Singapore - Marina Bay Sands (MBS) earnings for the fourth quarter of 2015 have fallen almost 35 per cent to US$338.2 million from a year ago.
This was revealed when the Singapore-based integrated resort's parent, Las Vegas Sands (LVS), posted fourth-quarter sales and profit that missed analysts' estimates as gambling revenue in the key markets of Macau and Singapore declined.
The near 35 per cent drop was in adjusted property Ebitda (earnings before interest, taxes, depreciation and amortisation).
The results come against a backdrop of multiple challenges in the gaming market, which are putting downward pressure on casino revenue.
Net revenue for Q4 fell 16 per cent to US$703.9 million from US$838.6 million, dragged by a 21 per cent decline in casino revenue.
Room and mall revenues were similarly down 4 and 9 per cent respectively.
MBS's hotel segment saw an average occupancy rate of 96.6 per cent, lagging 2014's results by 1.7 percentage points. Average daily rate was down US$30 at US$392, and revenue per available room dropped US$36 to US$379.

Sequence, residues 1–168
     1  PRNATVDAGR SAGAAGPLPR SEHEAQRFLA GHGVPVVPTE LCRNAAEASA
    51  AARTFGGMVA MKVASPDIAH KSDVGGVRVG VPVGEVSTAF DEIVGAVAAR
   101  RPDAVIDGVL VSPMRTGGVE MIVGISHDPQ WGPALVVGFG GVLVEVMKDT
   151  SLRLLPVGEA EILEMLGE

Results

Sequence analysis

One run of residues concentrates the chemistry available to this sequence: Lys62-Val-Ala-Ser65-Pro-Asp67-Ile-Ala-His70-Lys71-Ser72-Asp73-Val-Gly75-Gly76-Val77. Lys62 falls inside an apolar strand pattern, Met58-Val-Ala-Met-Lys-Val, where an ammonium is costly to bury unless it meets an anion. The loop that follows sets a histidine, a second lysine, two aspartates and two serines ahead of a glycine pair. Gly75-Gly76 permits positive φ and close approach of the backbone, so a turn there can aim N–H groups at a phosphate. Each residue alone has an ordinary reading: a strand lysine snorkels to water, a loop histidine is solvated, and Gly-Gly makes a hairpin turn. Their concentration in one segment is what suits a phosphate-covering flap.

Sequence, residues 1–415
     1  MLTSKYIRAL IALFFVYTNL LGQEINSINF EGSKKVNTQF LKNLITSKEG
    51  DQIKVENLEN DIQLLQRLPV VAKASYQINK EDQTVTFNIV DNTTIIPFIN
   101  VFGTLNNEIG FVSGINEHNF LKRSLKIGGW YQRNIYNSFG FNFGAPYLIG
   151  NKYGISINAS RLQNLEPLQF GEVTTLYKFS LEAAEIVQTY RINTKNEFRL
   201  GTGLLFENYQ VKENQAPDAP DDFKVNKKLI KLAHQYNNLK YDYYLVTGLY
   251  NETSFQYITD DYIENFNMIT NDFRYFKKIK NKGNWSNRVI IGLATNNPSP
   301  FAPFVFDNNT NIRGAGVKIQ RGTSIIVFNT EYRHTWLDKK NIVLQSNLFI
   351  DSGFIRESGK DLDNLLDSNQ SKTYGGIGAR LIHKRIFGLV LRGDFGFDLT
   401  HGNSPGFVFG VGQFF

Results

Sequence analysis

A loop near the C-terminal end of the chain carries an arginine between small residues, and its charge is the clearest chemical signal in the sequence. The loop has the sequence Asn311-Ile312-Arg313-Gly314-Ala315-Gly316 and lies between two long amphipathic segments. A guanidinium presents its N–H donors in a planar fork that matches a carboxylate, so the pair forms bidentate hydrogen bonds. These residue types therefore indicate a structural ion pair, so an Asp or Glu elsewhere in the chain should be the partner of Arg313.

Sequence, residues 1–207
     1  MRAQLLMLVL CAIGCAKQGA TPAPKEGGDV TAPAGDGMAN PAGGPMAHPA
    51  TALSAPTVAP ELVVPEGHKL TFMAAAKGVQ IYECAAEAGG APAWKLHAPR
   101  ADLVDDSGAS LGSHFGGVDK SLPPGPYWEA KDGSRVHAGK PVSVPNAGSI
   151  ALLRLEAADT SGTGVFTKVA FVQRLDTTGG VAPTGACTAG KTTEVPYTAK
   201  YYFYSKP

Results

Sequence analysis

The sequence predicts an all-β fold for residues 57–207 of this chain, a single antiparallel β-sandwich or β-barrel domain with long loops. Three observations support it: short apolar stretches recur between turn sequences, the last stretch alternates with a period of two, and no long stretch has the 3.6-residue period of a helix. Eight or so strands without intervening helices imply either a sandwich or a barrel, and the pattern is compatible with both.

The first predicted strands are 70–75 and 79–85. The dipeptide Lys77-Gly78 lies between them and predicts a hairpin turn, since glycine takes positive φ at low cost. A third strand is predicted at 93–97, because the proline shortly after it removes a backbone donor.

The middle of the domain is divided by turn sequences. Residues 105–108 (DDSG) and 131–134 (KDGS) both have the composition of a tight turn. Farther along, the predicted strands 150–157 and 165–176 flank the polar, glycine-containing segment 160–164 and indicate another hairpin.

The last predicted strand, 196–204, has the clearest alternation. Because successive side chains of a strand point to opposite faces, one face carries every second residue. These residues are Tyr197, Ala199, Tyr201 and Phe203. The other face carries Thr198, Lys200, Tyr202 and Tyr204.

But bright spots were found in the food and beverage, as well as the convention and retail segments, which posted revenue increases of 9 and 12 per cent respectively.
MBS maintained its position as the most profitable outift among other LVS properties. MBS posted the highest adjusted property Ebitda margin for both 2014 and 2015. LVS is facing headwinds in Macau and the currency impact of the strong US dollar.
While casino revenues at the IR have declined, rolling chip volume has increased by almost US$70 million from the same period last year.
"Mass win-per-day was US$4.6 million," said LVS chairman and CEO Sheldon G Adelson in an earnings call on Thursday morning.
"When adjusted for the currency effect, our mass win-per-day was up by 6 per cent year-on-year, resulting in our best-ever quarter in mass gaming revenues when measured in Singapore dollars."
Meanwhile, LVS's consolidated net and operating incomes fell almost 31 per cent to US$1.97 billion and US$2.84 billion respectively for the full year of 2015, largely driven by declines in its Macau revenues.
This article was first published on Jan 29, 2016.
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